It's a daunting task to visit all the wineries in the Napa/Sonoma region?there are more than 900 of them. Luckily, Stacy's Wine Tours is up to the challenge. They whisk visitors to a wealth of boutique wineries and vineyards during customized wine tours aboard a fleet of luxury vehicles. Guests can cruise through the grape-dotted countryside inside a stretch limo or opt for a basic designated-driver service.
They can also skip the wine tastings and head out on a brewery tour via Tap in Tours. A tour bus described as an "Irish pub on wheels"?though it's missing drunken novelists and poets?ferries passengers to various microbreweries along the 121 and 101 corridors, including Lagunitas, Hop Monk, and Petaluma Hills Brewing Company.
With more than 15 years in business, FastFrame’s Napa Valley location helps enhance fond memories with a variety of framing and photo-related services. Bring in prints or negatives from your backpacking trip through high school and have the photos conveniently imprisoned on CD ($10) or DVD ($15) or reproduce reminiscences sized from 4"x6" to 18"x24" ($5–$44) with photo-printing services. Restoration services ($10–$98) will reverse the age of old photos, repair damage to records, and add bright hues to images that predate the invention of color. Napa Valley FastFrame’s fine custom and ready-made framery (prices vary widely) is available to encase an abundance of items, including pictures, instruments, and 13-foot anaconda skins. Owner and certified picture framer Fred Cooper and his expert framers are happy to guide clients through copious selections of inspired custom framing that follows decorative and classical designs.
At the Napa Valley Museum, regional history and art collide in an idyllic setting with rotating exhibits of artwork, photography, and a permanent history gallery. Membership unlocks access to the museum and openings of various exhibits such as the currently running Wanderlust: Journeys with Napa Valley Photographers, a collection of stunning images from exotic happenings in Burma, Cuba, and local Dungeons and Dragons campaigns. Joanne Youngberg and Nina Antze's A Year in Flowers demonstrates phalange-crafted artwork with paintings and sketches of botanical wonders found throughout nature. Relive the horticultural and wine-soaked history of the Napa Valley with Land and People of the Napa Valley, an exhibit displaying artifacts from the region alongside a huge collection of period-specific advertisements and Internet memes.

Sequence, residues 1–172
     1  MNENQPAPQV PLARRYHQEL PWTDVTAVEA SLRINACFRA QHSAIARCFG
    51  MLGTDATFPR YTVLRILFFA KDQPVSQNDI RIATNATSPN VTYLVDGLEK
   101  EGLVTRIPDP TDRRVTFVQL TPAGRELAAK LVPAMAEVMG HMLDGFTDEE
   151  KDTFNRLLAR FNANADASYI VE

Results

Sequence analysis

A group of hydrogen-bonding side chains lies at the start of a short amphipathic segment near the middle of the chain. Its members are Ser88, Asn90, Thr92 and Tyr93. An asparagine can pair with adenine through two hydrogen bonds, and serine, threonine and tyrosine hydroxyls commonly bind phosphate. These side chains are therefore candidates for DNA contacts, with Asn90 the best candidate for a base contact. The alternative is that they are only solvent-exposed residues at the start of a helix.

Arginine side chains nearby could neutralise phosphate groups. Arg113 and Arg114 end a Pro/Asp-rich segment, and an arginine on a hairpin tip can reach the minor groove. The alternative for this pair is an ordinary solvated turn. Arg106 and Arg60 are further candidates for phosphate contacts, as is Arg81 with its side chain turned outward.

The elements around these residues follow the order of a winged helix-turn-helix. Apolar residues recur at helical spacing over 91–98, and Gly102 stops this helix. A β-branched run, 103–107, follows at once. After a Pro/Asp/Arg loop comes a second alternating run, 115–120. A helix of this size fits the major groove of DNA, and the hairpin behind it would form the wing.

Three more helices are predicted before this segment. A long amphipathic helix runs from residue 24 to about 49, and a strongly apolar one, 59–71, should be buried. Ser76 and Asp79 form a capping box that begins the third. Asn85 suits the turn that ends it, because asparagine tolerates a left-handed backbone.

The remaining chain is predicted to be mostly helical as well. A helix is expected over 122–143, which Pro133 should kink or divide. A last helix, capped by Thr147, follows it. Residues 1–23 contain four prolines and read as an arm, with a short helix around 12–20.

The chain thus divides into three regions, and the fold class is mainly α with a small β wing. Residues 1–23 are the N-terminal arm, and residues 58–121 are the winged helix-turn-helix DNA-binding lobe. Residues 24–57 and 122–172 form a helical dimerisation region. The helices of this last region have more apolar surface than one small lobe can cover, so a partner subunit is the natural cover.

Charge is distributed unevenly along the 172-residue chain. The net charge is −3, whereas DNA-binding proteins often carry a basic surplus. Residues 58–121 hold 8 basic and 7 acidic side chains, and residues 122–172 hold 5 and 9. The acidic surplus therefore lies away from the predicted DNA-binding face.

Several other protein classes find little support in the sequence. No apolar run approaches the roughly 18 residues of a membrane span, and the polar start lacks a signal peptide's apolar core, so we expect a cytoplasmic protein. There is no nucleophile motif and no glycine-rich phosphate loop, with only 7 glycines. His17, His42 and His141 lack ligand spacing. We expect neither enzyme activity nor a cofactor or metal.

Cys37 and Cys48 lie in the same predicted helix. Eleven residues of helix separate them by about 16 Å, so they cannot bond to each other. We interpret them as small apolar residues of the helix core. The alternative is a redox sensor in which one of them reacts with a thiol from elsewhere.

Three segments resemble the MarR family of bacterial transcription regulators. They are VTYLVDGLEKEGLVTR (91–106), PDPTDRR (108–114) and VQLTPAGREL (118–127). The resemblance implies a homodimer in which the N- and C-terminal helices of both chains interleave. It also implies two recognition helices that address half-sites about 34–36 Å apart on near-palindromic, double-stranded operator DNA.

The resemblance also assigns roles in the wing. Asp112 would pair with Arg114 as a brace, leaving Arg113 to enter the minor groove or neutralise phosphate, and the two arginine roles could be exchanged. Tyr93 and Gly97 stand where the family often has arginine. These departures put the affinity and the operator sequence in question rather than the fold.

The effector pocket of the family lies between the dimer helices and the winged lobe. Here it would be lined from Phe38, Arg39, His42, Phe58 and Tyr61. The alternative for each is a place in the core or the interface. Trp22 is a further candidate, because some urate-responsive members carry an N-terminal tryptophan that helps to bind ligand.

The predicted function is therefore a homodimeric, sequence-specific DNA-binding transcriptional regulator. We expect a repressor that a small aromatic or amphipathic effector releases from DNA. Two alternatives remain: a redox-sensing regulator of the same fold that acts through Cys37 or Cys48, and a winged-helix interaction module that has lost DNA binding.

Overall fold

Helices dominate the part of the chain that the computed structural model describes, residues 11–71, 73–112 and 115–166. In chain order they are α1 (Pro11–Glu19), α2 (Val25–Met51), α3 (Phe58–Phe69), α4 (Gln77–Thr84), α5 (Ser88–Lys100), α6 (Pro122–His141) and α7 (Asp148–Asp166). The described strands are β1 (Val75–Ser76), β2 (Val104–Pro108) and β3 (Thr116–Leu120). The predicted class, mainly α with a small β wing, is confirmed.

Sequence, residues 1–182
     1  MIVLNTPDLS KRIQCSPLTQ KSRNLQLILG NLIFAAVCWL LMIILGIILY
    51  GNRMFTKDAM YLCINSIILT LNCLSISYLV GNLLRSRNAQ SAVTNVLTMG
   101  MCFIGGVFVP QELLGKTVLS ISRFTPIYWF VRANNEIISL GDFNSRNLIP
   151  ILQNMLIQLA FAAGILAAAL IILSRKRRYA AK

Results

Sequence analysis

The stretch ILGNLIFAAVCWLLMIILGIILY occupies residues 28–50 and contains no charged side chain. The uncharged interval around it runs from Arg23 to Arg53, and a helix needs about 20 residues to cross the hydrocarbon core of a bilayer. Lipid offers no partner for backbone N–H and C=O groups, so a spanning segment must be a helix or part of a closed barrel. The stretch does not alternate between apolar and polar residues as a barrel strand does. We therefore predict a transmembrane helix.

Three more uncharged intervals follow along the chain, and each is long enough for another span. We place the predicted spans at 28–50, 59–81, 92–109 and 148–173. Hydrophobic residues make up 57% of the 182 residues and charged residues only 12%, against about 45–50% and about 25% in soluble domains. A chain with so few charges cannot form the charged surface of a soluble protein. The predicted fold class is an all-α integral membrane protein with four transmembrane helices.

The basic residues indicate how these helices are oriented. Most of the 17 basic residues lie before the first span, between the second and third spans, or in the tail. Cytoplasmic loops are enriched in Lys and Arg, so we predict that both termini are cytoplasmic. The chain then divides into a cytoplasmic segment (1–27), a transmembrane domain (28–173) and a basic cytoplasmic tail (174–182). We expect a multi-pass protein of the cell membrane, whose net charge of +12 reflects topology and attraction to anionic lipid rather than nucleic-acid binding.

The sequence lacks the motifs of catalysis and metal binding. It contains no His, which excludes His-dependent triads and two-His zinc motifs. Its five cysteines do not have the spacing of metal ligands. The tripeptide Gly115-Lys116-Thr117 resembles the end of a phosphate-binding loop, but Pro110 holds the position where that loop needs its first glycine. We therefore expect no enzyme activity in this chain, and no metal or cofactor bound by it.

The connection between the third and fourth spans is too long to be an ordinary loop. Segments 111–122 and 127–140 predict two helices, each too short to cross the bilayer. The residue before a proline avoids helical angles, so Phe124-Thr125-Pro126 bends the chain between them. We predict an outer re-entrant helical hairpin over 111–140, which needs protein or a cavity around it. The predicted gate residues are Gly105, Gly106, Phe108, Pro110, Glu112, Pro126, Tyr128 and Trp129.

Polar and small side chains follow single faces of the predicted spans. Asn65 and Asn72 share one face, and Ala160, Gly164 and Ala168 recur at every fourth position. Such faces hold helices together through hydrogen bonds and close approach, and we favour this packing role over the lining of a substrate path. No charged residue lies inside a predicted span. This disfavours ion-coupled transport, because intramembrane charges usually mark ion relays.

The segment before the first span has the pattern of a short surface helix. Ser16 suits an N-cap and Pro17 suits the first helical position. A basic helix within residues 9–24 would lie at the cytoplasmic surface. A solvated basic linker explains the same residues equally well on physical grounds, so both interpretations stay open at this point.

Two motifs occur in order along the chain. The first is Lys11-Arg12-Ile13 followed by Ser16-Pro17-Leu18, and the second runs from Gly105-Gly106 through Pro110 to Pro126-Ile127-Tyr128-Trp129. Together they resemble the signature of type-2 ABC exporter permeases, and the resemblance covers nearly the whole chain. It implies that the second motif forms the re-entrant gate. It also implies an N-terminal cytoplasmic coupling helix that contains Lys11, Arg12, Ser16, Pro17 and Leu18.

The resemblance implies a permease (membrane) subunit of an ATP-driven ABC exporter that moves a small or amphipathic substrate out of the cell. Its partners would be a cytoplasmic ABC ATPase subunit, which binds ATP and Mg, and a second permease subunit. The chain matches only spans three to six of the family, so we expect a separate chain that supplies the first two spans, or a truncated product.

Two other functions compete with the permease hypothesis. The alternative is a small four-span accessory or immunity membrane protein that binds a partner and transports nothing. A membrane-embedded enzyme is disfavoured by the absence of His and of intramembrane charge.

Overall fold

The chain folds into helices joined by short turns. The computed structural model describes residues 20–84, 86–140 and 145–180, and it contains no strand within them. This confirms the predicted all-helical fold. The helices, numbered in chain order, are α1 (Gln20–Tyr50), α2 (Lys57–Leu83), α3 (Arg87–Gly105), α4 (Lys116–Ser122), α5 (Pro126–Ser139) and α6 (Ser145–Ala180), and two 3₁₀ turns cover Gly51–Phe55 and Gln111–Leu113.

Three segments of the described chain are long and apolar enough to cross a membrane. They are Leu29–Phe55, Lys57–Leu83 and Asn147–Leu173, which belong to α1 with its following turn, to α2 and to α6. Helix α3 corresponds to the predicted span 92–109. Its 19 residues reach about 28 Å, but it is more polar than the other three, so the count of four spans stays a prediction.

Somerston Wine Co. stocks its modern, ranch-style tasting room with casks reflecting the diverse yield of local vineyard blocks. Set taste buds to “sommelier” with a Highflyer wine tasting, which features 2-ounce samples of eclectic vintages including the fruity and floral grenache blanc 2009, the chocolate-toned Centerline 2007 red blend, and the cherry-laden pinot noir 2008. Two plates of artisanal cheeses, locally dried fruits, and pistachios, or local chef Chris Kollar's chocolates accompany sips of wine, which guests may nosh outdoors, on the rooftop terrace, or in the ranch’s replica bathysphere.
Long visited by dreamy visions of starting their own tour company, Jewels Wine Tours owners and Napa Valley residents Julia Young and Ryan Raes utilize their regional intimacy to construct guided tours to the finest wineries, distilleries, and restaurants the area has to offer. The team takes great joy in customizing packages to their guests’ preferences, whether customers are looking to taste-test a certain hard-to-find vintage, or just want to be driven around by someone other than the family dog. A dedicated driver handles navigation for the duration of each tour, allowing the grape gurus to focus on enriching the tour experience by answering in-depth questions and providing insights into Napa and Sonoma Valley history.
The Golden State Model Railroad Museum brings the nation?s bygone steam-powered days back to life in miniature form, recreating the trails run by the Southern Pacific and Santa Fe Railroads. Trains snake through three huge model layouts, which depict the varied terrain of Northern and Central California lovingly recreated and operated by the East Bay Model Engineers Society. Sundays in April?December from noon to 5 p.m., some of the 70 behind-the-scenes conductors imbue the tracks with energy, transforming the 10,000-square-foot facility into a locomotive wonderland alight with the sounds of bells and whistles not heard since the days when phone numbers only had three digits. The museum is also open on Wednesdays and Saturdays for viewings or on select days for themed events such as Amtrak Day or Steam/Transition Era Day.